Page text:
Let children ‘destroy’ worship

 

It’s time to — really — embrace families

By Kecelyn Santiago | Presbyterians Today

Quickly, kids! We need to get going or we’ll miss the service! This was my plea one Easter morning as I ushered my children out the door to make it to church. My husband and I served in different churches, and worshiping together was impossible. However, on this morning he was the guest preacher at a church that had a different worship schedule from ours. We were thrilled. Our family could celebrate together.

As we walked into the church, we heard beautiful singing from the choir, which signaled that the service had started. I turned to my 2- and 4-year-olds and said, “We need to use our indoor voices, OK?” The church had an amazing space in the back for young children. Pews had been removed, and a plush carpet covered the floor. There were bins with books and toys. I felt bliss as my children ran to the area and picked up the toys. Together, we sat on the carpet.

A few minutes later, an usher approached me and another mother to tell us to keep our children quiet. I decided to move my children to the foyer so they could not be a distraction. The foyer had a clear view of the sanctuary. We could stay there and still worship and hear Daddy preach. As soon as we stepped into the foyer, though, the usher closed the French doors and whispered, “Please keep your children quiet because they could destroy the service.”

Astonished, I replied, “I beg your pardon?” He repeated: “Keep the children quiet because they could destroy the service.”

Taking my children by their hands, I looked at the usher and said, “No worries. We’re leaving.” Crying, I picked up my belongings and walked out. If my children could “destroy” a service, then that service was not an act of worship. It was an act of entertainment. No one has the power to destroy worship, because the gathering of people is a call from God. It is an invitation for all of us to know God more deeply and to have fellowship with one another.

If there is something that needs to be destroyed, it’s the misconception of children disrupting our way of worship. I believe that children are the greatest treasure the church has, and therefore we need to take good care of them. We need to provide space for families to participate in the worshiping community because when we do, a community of faith is enriched. Children and families should not be an afterthought when planning events and programs in the church.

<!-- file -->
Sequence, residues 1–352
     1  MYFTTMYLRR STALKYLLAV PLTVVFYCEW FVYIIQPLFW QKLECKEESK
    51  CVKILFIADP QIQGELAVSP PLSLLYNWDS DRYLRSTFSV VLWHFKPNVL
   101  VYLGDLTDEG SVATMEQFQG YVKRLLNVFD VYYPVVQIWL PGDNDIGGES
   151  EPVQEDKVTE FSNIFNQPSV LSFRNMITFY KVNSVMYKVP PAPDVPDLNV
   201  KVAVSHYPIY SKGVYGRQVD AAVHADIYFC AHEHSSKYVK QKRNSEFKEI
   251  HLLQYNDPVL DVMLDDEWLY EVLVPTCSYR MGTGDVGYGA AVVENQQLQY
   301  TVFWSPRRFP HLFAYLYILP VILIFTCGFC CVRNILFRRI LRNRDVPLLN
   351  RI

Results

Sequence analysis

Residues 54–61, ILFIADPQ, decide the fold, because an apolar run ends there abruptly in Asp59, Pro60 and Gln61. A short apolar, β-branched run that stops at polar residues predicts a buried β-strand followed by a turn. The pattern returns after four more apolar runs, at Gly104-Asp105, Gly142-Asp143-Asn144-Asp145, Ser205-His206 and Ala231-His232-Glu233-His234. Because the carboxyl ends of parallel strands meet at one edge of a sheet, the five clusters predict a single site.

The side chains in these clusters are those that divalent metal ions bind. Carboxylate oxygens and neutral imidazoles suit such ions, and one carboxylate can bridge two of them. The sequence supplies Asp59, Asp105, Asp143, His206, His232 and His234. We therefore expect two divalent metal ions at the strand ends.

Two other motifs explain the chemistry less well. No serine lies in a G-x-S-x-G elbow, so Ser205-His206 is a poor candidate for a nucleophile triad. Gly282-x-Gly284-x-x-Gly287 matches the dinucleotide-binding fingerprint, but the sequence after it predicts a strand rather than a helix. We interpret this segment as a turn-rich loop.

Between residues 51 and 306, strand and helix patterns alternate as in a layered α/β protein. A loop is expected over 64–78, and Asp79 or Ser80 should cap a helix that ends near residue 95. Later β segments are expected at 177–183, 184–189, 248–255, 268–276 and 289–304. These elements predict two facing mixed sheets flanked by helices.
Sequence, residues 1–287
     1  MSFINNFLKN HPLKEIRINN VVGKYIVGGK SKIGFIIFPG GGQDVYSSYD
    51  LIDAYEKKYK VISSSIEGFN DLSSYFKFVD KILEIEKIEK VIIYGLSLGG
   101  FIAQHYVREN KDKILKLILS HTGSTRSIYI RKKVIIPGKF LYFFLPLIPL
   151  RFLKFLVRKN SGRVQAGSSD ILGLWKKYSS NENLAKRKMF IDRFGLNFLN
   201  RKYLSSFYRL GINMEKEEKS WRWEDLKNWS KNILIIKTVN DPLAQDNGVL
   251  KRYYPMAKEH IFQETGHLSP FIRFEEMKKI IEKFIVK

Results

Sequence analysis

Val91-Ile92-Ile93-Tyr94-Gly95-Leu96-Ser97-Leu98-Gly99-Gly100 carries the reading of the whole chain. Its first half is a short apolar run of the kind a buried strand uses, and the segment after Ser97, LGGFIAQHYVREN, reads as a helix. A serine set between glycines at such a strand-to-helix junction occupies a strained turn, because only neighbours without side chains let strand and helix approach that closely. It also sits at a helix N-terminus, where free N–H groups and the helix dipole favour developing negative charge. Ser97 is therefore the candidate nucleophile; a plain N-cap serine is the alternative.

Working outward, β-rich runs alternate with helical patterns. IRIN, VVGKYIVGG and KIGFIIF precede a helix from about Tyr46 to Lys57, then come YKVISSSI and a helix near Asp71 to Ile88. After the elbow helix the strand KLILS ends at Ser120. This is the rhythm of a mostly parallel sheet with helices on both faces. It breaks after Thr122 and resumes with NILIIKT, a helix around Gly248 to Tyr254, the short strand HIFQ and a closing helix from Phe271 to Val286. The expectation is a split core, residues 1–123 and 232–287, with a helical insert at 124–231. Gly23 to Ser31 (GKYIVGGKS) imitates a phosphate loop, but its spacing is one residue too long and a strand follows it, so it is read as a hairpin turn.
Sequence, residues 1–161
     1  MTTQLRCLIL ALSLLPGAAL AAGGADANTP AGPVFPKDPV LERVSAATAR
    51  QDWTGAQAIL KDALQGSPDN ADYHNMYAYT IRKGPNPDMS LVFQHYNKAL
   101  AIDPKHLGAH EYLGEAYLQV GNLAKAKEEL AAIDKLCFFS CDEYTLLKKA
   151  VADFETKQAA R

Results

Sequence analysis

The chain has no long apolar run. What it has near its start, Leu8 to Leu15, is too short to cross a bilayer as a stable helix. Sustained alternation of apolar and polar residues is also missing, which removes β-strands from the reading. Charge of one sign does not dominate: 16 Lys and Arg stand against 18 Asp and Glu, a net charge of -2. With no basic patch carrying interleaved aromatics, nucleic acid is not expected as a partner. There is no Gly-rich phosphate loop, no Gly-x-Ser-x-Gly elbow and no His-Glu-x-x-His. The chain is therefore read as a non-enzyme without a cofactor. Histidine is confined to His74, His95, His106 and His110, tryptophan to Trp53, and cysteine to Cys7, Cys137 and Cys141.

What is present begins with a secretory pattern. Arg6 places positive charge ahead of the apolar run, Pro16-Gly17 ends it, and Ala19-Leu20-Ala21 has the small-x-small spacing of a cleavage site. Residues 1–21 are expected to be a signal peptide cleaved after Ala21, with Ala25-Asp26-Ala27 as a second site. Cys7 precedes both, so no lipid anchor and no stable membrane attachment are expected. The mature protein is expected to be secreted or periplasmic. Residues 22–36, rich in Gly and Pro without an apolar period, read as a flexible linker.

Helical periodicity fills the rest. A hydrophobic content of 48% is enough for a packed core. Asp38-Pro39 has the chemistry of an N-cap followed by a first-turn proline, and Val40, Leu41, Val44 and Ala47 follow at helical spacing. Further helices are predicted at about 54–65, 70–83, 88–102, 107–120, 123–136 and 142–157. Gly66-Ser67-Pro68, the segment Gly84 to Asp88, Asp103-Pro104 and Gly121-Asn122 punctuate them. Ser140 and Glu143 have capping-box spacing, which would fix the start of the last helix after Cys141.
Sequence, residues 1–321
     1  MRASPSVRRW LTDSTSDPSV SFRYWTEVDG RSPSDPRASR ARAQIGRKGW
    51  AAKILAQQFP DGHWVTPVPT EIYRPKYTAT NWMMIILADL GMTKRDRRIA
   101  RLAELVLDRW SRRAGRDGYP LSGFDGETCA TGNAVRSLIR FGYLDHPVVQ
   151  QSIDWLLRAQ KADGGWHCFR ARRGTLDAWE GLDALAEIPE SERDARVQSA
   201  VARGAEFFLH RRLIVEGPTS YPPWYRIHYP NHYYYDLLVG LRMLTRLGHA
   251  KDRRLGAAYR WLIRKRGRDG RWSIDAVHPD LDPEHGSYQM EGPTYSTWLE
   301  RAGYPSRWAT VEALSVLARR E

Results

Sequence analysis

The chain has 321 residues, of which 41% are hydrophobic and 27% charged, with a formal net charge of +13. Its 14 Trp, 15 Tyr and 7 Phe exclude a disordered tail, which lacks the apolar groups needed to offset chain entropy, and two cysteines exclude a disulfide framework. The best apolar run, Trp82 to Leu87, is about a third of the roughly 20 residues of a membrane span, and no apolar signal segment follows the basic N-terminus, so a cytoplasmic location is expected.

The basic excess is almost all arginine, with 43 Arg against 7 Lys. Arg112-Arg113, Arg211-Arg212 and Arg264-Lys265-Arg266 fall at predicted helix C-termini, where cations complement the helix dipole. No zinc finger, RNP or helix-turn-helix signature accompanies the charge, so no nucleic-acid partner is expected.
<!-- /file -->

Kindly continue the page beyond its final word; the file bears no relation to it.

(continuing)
That Easter Sunday led me to take the role of an ally in my ministry. Whenever our church staff sits down to plan, I say, “That’s a great idea. Now, what about the children? And how are we going to include families?”

Why do I push for this? Because if a family takes the monumental challenge of waking up early on a Sunday to get the little ones dressed, fed and loaded into the car to go to church, I want them to feel embraced by the community they have chosen to worship with. I want them to know that they belong. God has invited them. It is good that we get to be together.

There’s a story in Acts that I love. Peter and John are going to the Temple, where they find a lame man begging at the door. The man asks for money. Peter offers something better. He offers healing in the name of Jesus. Instantly, the man’s feet and ankles become strong. The man rushes inside the Temple and disrupts the service. Yet, in doing so, he testifies to God’s power and love.

As we work to include our children in the life of our faith communities, let’s look at each of them, take their hand and invite them in. And then let us be witnesses as they testify to God’s power and love among us — even if their testimony “destroys” worship.

Kecelyn Santiago is the coordinator for children’s ministry at Kirk in the Hills in Bloomfield Hills, Michigan. She and her husband, the Rev. Fernando Rodriguez, have two children, Matías and Sionely.


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